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Pests slowing the Marine’s Darwin advance

Posted By on April 25, 2017 @ 06:00

Plans to rotate a potent 2,500-strong US Marine Air-Ground Task Force through Darwin for six months at a time may fall foul of Australia’s tough biosecurity regulations.

A new report by the US Government Accountability Office [1] reveals that it takes two months out of their six-month deployment in the Top End for the Marines to dismantle, thoroughly clean and reassemble vehicles and other equipment they’ll bring to Australia to be sure they’re not carrying weeds, pests or diseases. That’ll likely affect the Marines’ capabilities and increase their costs, the GAO says.

The GAO also says the US Defense Department hasn’t worked out where the Marines should be based during the Northern Australian rainy season when, it notes, flooding’s a significant issue. ‘DOD officials are considering multiple options for the Marines’ location during the rainy season, but no decisions have been made and the options being considered will take years to implement,’ the GAO report says.

In November 2011, the US and Australian governments announced that Marines would come to train in Northern Australia as a key part of the US rebalance to the Asia-Pacific region and, over time, the numbers would build up to a full task force.

Of the 2,500 marines, 1,300 would come from Okinawa, where the US military presence is being reduced. They’d train in Australia during the dry season, from April through to September or October. So far there have been five six-month rotations which began in 2012 with an infantry company of 200 marines. In 2016 the marines sent a 1,250-strong infantry battalion. It’s not yet clear where the balance of the 2,500 marines will come from.

At this stage, the marines from Okinawa are to be gradually relocated to Guam, Northern Mariana Islands, Hawaii and elsewhere in Japan, along with the rotational presence in Australia. The Pentagon officials told the GAO they prioritised planning for Guam over Hawaii or Australia, as the DOD was using money from the Japanese government for the relocation to Guam.

The 2017 Darwin deployment began last week, and this time the Marine battalion brought its versatile Osprey troop carriers and a fleet of helicopters. The task force is designed to allow the rapid deployment of a self-contained Marine force by air, land, or sea on a wide range of missions. It provides its own air and ground support and logistics backup. The size of the force can be tailored for specific operations.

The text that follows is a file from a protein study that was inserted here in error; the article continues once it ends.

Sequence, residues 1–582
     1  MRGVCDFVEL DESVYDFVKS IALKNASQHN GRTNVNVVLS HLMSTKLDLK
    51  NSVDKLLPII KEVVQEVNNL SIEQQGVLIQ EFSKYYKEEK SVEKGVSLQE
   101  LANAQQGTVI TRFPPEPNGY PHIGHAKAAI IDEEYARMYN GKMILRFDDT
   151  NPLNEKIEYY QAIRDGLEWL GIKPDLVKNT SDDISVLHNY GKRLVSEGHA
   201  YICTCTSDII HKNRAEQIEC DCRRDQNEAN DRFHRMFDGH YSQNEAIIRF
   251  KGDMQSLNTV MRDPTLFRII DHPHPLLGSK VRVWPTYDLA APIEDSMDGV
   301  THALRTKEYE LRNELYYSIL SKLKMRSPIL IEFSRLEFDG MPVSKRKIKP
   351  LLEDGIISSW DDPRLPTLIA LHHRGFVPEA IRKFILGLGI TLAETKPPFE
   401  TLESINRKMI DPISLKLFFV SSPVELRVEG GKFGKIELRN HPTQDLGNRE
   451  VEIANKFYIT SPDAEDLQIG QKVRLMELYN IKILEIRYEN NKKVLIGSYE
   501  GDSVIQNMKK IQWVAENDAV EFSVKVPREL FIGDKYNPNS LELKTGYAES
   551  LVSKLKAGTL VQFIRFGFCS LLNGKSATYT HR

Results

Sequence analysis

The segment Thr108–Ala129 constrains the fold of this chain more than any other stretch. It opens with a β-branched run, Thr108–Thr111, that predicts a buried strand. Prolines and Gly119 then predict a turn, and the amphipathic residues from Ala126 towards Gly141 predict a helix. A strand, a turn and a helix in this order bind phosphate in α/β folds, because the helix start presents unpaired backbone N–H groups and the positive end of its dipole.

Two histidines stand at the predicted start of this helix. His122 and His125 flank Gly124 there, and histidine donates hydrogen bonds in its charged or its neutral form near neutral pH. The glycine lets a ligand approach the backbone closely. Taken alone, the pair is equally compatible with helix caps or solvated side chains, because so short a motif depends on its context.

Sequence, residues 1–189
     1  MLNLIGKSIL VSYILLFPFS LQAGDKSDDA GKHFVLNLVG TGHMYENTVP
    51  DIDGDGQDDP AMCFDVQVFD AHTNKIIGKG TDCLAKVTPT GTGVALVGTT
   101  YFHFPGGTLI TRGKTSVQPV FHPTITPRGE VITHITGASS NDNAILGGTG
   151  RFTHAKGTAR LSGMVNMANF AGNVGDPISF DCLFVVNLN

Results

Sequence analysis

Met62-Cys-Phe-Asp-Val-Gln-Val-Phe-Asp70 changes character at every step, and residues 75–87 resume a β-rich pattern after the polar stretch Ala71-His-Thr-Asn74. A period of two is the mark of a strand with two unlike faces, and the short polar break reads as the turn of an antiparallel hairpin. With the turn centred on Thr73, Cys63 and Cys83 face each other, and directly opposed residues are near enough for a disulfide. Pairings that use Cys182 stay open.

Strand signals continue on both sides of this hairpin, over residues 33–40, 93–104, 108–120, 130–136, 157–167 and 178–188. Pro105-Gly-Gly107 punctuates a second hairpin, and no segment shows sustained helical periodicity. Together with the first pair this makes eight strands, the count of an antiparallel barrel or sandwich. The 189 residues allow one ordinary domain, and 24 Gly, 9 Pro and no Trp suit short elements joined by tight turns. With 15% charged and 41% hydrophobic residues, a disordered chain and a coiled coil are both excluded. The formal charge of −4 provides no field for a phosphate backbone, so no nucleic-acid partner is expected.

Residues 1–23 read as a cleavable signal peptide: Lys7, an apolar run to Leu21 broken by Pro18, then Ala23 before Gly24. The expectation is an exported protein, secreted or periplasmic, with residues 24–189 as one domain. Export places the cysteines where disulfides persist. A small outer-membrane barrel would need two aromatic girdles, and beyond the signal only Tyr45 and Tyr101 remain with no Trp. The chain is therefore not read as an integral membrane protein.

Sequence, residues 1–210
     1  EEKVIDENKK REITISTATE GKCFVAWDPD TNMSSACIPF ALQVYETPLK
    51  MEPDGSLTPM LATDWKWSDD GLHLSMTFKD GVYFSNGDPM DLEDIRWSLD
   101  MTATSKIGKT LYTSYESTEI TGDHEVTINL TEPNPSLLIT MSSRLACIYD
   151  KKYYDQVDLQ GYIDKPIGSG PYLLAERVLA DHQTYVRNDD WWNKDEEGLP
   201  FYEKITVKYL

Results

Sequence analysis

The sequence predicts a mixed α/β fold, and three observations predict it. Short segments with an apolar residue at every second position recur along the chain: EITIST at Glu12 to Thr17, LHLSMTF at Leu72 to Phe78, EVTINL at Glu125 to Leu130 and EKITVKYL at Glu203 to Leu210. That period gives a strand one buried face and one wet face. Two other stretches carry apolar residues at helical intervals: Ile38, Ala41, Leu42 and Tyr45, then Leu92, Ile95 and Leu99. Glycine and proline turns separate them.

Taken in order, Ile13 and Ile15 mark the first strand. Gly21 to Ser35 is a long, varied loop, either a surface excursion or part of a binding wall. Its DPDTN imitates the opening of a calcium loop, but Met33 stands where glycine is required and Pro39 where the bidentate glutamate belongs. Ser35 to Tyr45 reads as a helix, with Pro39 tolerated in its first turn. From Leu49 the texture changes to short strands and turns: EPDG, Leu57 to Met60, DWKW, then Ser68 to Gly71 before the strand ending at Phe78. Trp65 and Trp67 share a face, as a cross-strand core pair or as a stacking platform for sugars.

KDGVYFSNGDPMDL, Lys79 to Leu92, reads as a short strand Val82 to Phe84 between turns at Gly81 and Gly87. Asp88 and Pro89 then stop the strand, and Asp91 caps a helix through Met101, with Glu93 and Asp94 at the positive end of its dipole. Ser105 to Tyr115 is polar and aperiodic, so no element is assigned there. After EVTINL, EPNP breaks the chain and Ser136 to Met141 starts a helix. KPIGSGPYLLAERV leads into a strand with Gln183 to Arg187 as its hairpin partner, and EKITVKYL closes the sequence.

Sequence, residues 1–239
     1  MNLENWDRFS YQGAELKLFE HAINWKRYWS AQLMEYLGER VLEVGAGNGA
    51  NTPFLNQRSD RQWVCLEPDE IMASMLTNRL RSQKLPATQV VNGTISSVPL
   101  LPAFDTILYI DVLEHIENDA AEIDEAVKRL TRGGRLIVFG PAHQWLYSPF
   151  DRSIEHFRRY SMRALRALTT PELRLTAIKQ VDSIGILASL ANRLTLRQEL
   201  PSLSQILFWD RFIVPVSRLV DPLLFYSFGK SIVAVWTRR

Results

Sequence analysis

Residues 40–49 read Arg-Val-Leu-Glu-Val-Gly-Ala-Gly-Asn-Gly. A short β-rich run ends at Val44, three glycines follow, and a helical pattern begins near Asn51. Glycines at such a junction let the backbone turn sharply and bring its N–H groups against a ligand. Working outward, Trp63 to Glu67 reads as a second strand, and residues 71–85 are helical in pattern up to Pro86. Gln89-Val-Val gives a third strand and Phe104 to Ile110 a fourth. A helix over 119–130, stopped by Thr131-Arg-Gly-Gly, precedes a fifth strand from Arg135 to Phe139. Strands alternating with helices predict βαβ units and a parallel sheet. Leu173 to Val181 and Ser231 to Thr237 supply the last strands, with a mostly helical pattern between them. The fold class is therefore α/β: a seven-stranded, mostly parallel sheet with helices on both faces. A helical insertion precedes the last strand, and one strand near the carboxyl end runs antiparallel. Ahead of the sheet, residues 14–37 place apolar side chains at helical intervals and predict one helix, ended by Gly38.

According to the GAO, the US Department of Defense hasn’t resolved what to do about the unavailability of the marines’ equipment while Australia’s biosecurity requirements are met. ‘According to officials at Pacific Command, the biosecurity requirements could result in some Marine Corps equipment being nonoperational for approximately 2 months out of the 6-month rotation,’ the report says. ‘Marine Corps officials stated that, during the approximately 2 months it generally takes to break down, clean, and reassemble the Marine Corps equipment, the equipment is not functional and this hinders capability and training. Officials with the Office of the Under Secretary of Defense for Policy stated that the biosecurity requirements are a risk to the Marine Corps units’ capability.’

To get around the problems triggered by Australia’s biosecurity concerns, an option would be for the Marines to buy a full additional set of heavy equipment that they’d station in Australia, the US officials said. Marine Corps officials told the GAO that was one option being considered. But senior officials from US Pacific Command and the Marine Expeditionary Force said that’s an expensive option and also means that storage facilities had to be found. They told the GAO they’d identified a set of additional equipment that could be left in Australia to minimise biosecurity inspection requirements–‘but challenges remain to fund and source this equipment.’

The GAO observes that: ‘the Marine Corps risks not having the equipment needed to conduct its mission since, depending on the course of action, it could take years to allocate resources to mitigate this issue.’

Marines training this year will include bilateral and multilateral exercises with the Australian Defence Force and some unilateral training at Defence facilities around Australia. While they’re in Australia, the Marines will conduct about ten major exercises, some with Indonesia, Japan, and New Zealand, for operations ranging from counter-terrorism to humanitarian and disaster relief. The Marine rotation is part of the US Force Posture Initiative, which also includes air force collaboration, which saw 12 US Air Force F-22 Raptor fighters visit Northern Australia for exercises in February.

Whatever US military build-up takes place in Australia under the Trump administration, it’s all moving very slowly at present. The GAO says the Pentagon has completed two infrastructure studies that identify Marine Corps’ requirements for housing and for aircraft support for an expansion of Marine rotations in Darwin. ‘Moreover, DOD officials told us that they began developing a master plan for the infrastructure that will support Marine rotations to Australia.’ But the GAO notes that planning’s still in the early stages for both Hawaii and Australia.



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[1] new report by the US Government Accountability Office: http://www.gao.gov/products/GAO-17-415

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